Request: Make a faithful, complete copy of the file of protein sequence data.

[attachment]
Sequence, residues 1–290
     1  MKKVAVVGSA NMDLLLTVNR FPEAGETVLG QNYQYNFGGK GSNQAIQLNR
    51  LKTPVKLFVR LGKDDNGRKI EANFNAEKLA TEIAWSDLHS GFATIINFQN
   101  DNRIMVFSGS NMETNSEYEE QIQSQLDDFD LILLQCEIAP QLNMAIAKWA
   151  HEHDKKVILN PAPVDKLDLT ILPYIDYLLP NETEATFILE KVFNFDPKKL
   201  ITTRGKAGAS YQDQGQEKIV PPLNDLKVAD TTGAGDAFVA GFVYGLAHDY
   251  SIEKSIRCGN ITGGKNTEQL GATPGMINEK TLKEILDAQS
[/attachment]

Sequence, residues 1–290
     1  MKKVAVVGSA NMDLLLTVNR FPEAGETVLG QNYQYNFGGK GSNQAIQLNR
    51  LKTPVKLFVR LGKDDNGRKI EANFNAEKLA TEIAWSDLHS GFATIINFQN
   101  DNRIMVFSGS NMETNSEYEE QIQSQLDDFD LILLQCEIAP QLNMAIAKWA
   151  HEHDKKVILN PAPVDKLDLT ILPYIDYLLP NETEATFILE KVFNFDPKKL
   201  ITTRGKAGAS YQDQGQEKIV PPLNDLKVAD TTGAGDAFVA GFVYGLAHDY
   251  SIEKSIRCGN ITGGKNTEQL GATPGMINEK TLKEILDAQS